Sometimes, as the disease progresses, medication and other therapies are not enough and no longer show sufficient success. Then an operation helps. However, doctors always try to delay surgery as much as possible. Surgery is also necessary if complications occur, such as intestinal obstruction, intestinal perforation or severe intestinal bleeding. Surgery is also an option for children and adolescents if Crohn’s disease delays growth and development. Surgeons generally only remove the inflamed section of bowel during the operation, i.e. as little bowel tissue as possible. The large-scale removal of parts of the intestine has proven to be unnecessary and has many disadvantages.

In Crohn’s disease, we perform standard laparoscopic surgery, i.e. minimally invasive keyhole surgery. This not only has cosmetic advantages. Patients recover much faster after the operation. They have less pain, spend less time in hospital and can therefore return to work sooner.

Nutrition as a therapy for Crohn's disease

Anyone with Crohn’s disease must pay attention to their diet. Not only to prevent further strain on the inflamed bowel and aggravate symptoms, but also to prevent malnutrition. Seek advice from a specially trained nutritionist (ecotrophologist) or a doctor who is well versed in nutritional medicine. Nutritional advice is also useful if you also suffer from a food intolerance or food allergy.

There is no special diet for people with Crohn’s disease that is equally good for everyone. Try out which foods you can and cannot tolerate. The following diet is advisable after a flare-up:

  • First of all, foods that are easy to digest and do not strain the intestines. Initially carbohydrates are good, later foods containing proteins and fats.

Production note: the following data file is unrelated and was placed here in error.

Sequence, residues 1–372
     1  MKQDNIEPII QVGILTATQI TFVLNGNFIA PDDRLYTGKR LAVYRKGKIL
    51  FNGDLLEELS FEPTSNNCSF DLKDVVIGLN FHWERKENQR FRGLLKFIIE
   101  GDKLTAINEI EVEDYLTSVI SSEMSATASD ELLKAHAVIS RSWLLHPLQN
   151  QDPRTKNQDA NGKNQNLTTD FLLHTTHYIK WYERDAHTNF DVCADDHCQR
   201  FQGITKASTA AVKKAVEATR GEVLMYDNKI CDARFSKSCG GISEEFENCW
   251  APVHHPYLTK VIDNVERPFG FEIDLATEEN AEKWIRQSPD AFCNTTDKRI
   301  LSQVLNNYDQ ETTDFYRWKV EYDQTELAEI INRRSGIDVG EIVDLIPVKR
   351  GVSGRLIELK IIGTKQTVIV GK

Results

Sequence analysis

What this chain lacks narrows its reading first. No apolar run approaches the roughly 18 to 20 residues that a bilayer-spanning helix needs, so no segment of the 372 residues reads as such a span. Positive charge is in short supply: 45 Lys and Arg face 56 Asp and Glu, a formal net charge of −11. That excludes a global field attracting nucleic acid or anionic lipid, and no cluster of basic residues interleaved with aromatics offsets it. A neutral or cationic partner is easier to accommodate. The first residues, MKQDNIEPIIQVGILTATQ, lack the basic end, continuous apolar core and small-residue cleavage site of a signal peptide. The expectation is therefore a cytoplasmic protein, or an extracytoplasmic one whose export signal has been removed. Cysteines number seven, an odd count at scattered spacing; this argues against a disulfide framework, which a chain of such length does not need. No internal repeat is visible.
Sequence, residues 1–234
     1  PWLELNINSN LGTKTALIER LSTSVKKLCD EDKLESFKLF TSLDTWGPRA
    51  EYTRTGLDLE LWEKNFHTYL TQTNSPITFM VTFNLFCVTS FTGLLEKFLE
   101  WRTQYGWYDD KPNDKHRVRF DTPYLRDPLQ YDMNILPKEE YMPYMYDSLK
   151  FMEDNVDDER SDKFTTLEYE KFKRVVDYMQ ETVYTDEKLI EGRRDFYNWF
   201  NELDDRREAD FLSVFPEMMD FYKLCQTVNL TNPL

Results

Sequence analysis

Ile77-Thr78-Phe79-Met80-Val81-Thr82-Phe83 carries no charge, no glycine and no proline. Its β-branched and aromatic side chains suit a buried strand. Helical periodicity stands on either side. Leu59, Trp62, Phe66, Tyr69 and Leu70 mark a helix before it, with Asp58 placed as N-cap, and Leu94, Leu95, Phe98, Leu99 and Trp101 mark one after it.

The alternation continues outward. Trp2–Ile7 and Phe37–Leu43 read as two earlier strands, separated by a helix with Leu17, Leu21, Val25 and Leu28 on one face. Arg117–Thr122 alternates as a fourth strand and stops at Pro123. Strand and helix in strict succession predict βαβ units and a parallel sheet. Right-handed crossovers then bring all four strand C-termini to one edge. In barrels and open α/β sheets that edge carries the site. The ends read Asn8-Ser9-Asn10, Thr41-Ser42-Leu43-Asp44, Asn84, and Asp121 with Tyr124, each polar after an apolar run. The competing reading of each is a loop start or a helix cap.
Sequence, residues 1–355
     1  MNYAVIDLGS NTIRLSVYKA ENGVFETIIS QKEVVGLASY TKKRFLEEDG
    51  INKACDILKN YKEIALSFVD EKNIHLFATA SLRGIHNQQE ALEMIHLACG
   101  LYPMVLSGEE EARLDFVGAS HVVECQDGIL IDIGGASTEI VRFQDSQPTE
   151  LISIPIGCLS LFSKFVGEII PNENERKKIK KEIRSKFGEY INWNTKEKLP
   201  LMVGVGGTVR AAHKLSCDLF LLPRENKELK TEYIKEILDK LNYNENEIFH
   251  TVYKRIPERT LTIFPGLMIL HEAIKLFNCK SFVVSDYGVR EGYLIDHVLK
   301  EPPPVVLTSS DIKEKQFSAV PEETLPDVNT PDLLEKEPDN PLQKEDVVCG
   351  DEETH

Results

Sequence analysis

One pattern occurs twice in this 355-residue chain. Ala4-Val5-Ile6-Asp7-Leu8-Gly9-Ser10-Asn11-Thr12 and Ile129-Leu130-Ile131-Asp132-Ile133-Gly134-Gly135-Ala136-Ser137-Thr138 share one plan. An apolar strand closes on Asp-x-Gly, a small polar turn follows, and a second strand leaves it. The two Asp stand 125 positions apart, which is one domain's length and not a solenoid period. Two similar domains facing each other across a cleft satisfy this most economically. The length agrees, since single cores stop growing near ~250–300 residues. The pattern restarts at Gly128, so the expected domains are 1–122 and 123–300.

• Then eat light whole foods: examples are dairy products with a low fat content, lean meat, wholemeal bread, rice, potatoes, pasta or vegetables such as carrots, tomatoes or fennel. You can also try fresh fruit and salads.
  • Avoid ready-made products because they contain many artificial additives. In addition, not all ingredients are listed on the packaging.
  • You should also be careful with foods that contain a lot of sugar (e.g. chocolate, cakes, pies, cookies, soft drinks).

During an acute episode of the disease, artificial feeding via a gastric or intestinal tube is sometimes helpful. However, once the flare-up has subsided, you can gradually return to a normal diet. Gradually get your digestive tract used to a normal diet again.

Extraintestinal diseases

Up to 50 percent of patients with Crohn’s disease may also experience extraintestinal symptoms. The joints are most frequently affected; arthralgia (joint pain) and arthritis (joint inflammation) can occur. In addition, skin changes in the form of erythema nodosum or pyoderma gangraenosum can also occur. It can also lead to rosacea and inflammation of the eye. We work very closely with colleagues from the Department of Rheumatology and the Department of Dermatology at the University Hospital Zurich.